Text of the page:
Prasar Bharati was, however, rescued from violent death by Supreme Court intervention. The Supreme Court order of February 9, 1995 in Union of India vs Cricket Association of Bengal held that the air waves were public property, not assets of the state to be disposed of as it wished. The bench consisting of Justices P.B. Sawant, S. Mohan and B.P. Jeevan Reddy had, in Cricket Association of Bengal, interpreted Article 19(1) of the Constitution (which guarantees citizens the right of freedom of speech) and 19(2) (which guarantees the right to practice a trade or profession) to mean that all interests and groups would be given access to the broadcast media. Indeed this was the principal thrust of Prasar Bharati.
While directing the Government to set up an independent broadcasting authority that would give access to all interests and groups, the Judges made clear that indiscriminate privatisation and euthanising public broadcasting would not be acceptable. "Private broadcasting, even if allowed," the court held, "should not be left to market forces." This, the Judges said, was because of the evident "danger flowing from the concentration of the right to broadcast/telecast in the hands of (either) a central agency or of a few private affluent broadcasters."
Prasar Bharati comes into being ahead of the perhaps inevitable passing of the controversial Broadcasting Bill during the winter session of Parliament. By the time issues of staff transfers and the selection of the Board are finalised, more time would have elapsed. The Broadcasting Bill, tabled by Information and Broadcasting Minister S. Jaipal Reddy, will enable Indian and foreign private broadcasters to provide services in India legally. It will also legalise Direct-To-Home (DTH) satellite broadcasting, a technology that will give international media conglomerates, notably Rupert Murdoch's STAR TV, near-monopoly control over an emerging area of television broadcasting. The growing and legally sanctioned presence of multinationals on the Indian broadcasting landscape will make Prasar Bharati's role vital in ensuring broadcasting that addresses the diverse needs of those millions of viewers who are not on the agenda of advertising-driven commercial channels.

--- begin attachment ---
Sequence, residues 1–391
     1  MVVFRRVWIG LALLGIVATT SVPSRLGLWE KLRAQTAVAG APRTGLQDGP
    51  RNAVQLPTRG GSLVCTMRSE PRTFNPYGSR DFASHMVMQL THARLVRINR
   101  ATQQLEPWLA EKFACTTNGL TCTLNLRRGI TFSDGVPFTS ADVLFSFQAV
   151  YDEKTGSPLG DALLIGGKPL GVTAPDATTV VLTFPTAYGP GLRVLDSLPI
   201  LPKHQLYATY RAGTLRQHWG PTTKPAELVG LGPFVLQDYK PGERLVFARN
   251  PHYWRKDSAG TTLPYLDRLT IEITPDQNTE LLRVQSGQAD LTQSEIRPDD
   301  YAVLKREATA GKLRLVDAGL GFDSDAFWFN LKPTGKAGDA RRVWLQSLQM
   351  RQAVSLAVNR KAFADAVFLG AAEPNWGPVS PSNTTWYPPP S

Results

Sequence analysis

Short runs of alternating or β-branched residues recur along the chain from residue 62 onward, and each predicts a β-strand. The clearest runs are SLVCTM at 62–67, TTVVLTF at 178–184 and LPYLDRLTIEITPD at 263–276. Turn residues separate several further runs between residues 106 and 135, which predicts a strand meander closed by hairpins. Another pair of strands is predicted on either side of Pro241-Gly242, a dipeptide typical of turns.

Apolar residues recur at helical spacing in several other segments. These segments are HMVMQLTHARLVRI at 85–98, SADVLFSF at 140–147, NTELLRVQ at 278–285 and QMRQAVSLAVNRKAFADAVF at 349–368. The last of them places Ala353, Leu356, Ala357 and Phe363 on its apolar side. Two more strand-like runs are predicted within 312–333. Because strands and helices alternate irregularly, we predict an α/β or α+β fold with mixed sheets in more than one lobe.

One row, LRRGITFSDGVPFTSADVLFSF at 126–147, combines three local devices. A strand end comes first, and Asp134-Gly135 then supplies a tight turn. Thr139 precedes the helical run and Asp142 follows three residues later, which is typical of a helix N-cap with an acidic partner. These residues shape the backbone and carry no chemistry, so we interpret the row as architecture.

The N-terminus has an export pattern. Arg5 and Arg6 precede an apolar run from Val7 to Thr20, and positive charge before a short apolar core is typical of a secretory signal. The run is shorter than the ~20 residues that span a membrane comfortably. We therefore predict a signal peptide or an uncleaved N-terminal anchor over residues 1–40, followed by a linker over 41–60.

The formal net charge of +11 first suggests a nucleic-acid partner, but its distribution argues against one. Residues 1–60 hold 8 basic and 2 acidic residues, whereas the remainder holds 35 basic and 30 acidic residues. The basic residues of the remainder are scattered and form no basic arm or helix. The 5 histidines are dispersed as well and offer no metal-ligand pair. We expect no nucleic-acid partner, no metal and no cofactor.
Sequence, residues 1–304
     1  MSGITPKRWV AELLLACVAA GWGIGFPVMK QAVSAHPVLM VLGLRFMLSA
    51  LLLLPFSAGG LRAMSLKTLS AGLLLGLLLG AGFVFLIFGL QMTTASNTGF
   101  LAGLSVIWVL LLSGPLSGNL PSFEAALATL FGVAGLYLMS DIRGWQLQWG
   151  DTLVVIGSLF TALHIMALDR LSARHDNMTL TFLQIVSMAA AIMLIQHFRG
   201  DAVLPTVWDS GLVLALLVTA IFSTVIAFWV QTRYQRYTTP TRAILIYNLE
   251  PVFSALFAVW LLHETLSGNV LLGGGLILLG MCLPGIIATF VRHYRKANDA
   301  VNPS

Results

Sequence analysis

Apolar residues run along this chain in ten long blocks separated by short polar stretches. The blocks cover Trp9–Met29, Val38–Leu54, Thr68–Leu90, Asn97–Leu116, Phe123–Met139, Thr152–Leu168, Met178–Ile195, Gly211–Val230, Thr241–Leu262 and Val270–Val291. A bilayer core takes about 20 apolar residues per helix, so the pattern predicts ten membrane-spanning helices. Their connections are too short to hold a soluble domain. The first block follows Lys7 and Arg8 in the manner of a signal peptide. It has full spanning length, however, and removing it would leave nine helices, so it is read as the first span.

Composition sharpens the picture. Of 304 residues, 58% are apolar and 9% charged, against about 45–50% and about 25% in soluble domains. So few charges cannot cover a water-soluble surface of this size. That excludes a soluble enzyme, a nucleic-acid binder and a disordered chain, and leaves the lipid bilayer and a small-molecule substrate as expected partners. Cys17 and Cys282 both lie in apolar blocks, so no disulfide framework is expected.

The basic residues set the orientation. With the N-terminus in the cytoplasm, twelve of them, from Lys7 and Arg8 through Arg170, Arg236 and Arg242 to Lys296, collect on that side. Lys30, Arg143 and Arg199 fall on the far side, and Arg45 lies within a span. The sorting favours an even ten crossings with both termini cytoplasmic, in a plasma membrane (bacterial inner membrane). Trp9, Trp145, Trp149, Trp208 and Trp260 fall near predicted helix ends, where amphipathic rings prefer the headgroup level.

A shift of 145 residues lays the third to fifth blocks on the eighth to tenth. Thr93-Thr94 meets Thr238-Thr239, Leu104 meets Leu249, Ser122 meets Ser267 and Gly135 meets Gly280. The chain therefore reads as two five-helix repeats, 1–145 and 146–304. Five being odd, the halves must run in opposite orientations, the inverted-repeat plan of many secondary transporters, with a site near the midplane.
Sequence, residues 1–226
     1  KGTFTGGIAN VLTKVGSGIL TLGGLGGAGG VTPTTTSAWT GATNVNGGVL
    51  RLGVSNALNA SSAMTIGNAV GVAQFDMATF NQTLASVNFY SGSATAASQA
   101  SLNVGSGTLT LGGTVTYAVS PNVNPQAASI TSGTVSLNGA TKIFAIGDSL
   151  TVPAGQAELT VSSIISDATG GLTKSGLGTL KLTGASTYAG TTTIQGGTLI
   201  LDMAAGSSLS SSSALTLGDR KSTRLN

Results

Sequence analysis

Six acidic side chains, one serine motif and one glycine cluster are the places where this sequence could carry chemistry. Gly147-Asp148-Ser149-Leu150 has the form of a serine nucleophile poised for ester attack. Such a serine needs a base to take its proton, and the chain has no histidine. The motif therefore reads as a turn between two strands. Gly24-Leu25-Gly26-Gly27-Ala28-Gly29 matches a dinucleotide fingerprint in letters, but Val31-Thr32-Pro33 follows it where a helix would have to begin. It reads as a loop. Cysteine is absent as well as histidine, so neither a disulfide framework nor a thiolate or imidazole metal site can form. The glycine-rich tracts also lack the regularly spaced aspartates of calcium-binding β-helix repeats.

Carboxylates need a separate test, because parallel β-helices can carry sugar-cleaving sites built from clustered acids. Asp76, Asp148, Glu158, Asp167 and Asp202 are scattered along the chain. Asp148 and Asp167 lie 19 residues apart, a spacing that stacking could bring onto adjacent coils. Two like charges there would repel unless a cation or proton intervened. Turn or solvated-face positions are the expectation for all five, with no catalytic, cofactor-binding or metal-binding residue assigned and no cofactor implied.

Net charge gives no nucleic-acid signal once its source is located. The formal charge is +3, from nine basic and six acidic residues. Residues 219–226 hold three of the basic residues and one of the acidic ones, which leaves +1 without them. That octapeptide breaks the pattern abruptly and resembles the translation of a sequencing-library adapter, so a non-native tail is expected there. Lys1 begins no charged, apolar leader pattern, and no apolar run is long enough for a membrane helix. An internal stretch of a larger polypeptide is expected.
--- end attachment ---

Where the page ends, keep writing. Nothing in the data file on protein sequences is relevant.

Yet, as Jaipal Reddy has pointed out, such restrictions by their nature are unlikely to be widely deployed. A more worrying issue, perhaps, is what interpretation the Broadcasting Corporation will give to its public sector commitments. In an already highly competitive television scene, where several channels have recently announced cut-backs and retrenchments, pressure on Doordarshan to retain its profitability could be intense, leading to a glut of market-driven commercial shows, and relatively little alternative programming.
Just how successful Prasar Bharati will be in ensuring plurality and democracy in the broadcast media will obviously be dependent on the Board to be selected. In the final analysis, the future of Indian public television will depend on those who run it. The President's nominee for the Prasar Bharati selection committee will be seen as a standard bearer of the Government's intentions for Indian public broadcasting as a whole.
The recent controversy over the defection of top Doordarshan figures like Ratikant Basu to STAR, and reports that top production houses connived with bureaucrats to swallow large sums of public money from state television, illustrates just how easily and in how many ways the integrity of public institutions can be eroded.
The real question that may emerge over the first years of Prasar Bharati may not be its independence from government, but from private sector and multinational monopolies.